For the county’s school system, real estate values grew 8.1 percent to $283 billion. Because the countywide taxing district offers more exemptions than does the school-system district, the county tax roll is lower than the school board and typically sees a different growth rate. Alberto Carvalho, the county’s school superintendent, said state funding formulas mean no windfall from property taxes because Florida aid will creep back to compensate.

“When one increases, the other decreases,” he said. “For the school board, there is no material impact” from the tax-roll report.

Cindy Lerner, mayor of Pinecrest, said her city’s 6.6 percent increase won’t match increasing municipal expenses. “It doesn’t keep pace with mounting infrastructure needs,” she said. “We get nothing — literally zilch — from the Florida Legislature.”

Values in Tuesday’s report are supposed to capture what property is worth as of Jan. 1, 2016. Growth comes from existing property gaining in value, plus increases in taxable value from new construction.

Taxable values determine the amounts homeowners pay on property-tax bills that will go out later this year, based on rates set by local governments in the coming months. The values lag real-time market conditions, which have shown signs of cooling demand for luxury condos and an overall slowdown in sales. For the first three months of 2016, residential sales in Miami-Dade decreased 8.9 percent, according to the Miami Association of Realtors.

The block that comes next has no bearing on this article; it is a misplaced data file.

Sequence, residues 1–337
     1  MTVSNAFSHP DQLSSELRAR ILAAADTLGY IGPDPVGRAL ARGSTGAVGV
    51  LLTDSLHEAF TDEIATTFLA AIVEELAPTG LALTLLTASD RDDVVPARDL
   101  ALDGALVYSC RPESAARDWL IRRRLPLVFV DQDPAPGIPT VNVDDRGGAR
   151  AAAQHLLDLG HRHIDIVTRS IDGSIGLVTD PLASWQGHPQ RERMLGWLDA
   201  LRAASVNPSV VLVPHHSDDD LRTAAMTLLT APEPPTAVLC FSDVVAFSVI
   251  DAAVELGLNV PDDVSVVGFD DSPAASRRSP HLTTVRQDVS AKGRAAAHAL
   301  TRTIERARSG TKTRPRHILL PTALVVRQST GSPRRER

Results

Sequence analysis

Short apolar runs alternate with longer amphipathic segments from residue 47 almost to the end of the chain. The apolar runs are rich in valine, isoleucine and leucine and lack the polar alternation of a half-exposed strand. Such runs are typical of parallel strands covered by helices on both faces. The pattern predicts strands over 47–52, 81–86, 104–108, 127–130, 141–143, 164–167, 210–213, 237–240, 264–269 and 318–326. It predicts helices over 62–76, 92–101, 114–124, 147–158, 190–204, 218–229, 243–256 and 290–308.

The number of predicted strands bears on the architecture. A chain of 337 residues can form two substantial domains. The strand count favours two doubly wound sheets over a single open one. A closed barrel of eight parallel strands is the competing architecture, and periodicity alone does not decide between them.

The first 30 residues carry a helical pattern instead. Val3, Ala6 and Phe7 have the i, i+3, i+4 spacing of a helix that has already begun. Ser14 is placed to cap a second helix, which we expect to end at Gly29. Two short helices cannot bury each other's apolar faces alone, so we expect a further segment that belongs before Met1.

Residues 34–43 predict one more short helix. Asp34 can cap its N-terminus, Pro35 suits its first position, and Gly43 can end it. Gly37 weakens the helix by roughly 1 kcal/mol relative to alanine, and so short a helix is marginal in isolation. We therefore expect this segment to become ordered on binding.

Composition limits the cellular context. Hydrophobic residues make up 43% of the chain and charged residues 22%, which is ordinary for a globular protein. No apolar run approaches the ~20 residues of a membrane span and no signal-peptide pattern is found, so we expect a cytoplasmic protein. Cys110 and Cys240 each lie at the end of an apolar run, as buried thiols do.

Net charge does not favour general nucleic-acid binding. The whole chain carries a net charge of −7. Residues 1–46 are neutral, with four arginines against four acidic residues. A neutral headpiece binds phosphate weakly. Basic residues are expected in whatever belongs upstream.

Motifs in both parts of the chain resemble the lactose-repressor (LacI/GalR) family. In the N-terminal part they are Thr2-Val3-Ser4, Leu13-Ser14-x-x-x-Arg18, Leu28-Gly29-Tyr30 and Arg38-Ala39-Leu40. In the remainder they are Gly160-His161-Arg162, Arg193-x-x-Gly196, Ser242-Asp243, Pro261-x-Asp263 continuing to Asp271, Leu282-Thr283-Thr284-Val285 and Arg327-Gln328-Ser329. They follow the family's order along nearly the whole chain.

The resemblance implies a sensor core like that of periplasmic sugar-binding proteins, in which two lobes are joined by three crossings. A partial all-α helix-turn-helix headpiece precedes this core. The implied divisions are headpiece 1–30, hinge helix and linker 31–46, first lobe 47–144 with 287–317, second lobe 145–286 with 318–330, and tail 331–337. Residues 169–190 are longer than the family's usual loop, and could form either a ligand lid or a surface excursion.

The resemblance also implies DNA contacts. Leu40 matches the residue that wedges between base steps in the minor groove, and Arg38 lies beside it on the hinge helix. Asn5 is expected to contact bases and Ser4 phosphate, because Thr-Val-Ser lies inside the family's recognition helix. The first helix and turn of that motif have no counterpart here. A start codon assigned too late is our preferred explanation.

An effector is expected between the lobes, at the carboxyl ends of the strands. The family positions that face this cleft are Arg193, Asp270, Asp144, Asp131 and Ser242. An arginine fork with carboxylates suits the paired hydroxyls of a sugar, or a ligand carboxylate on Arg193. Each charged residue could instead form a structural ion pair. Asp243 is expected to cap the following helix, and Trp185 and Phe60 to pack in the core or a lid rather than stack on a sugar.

Among the notable results in the report:

▪ Countywide, Miami-Dade added $5 billion in new construction at the start of 2016. That’s compared with just $2.8 billion of new construction at the start of 2015.

▪ When it comes to a hot real estate market, tiny El Portal can claim the top spot. It saw 13.8 percent growth in the taxable value of existing properties, which are now worth $130 million. A close second went to the Normandy Shores taxing district within Miami Beach (up 12.3 percent) and third place went to Bay Harbor Islands, with a 10.9 percent gain.

▪ If property owners demolish more construction than is built, the new-construction figure is listed as a negative.

Multiple jurisdictions recorded negative new construction in 2015, but the demolition trend appeared to slow considerably in 2016. Only Bal Harbour wound up with a building deficit, recording a negative $1 million for new construction. Several other cities recorded zero new construction: El Portal, Indian Creek, Surfside and Virginia Gardens.

▪ Unincorporated areas in Miami-Dade — property outside city limits, which rely on the county for municipal services — saw taxable value rise 6.2 percent. That’s better than a forecast 5 percent.

▪ Of the various taxing districts that fund county services, the library district saw the biggest increase: up 9 percent, compared with a forecast of 6.5 percent.

This post was updated to differentiate between the tax roll value for the county school-board taxing district ($283 billion) and the countywide taxing district ($250 billion).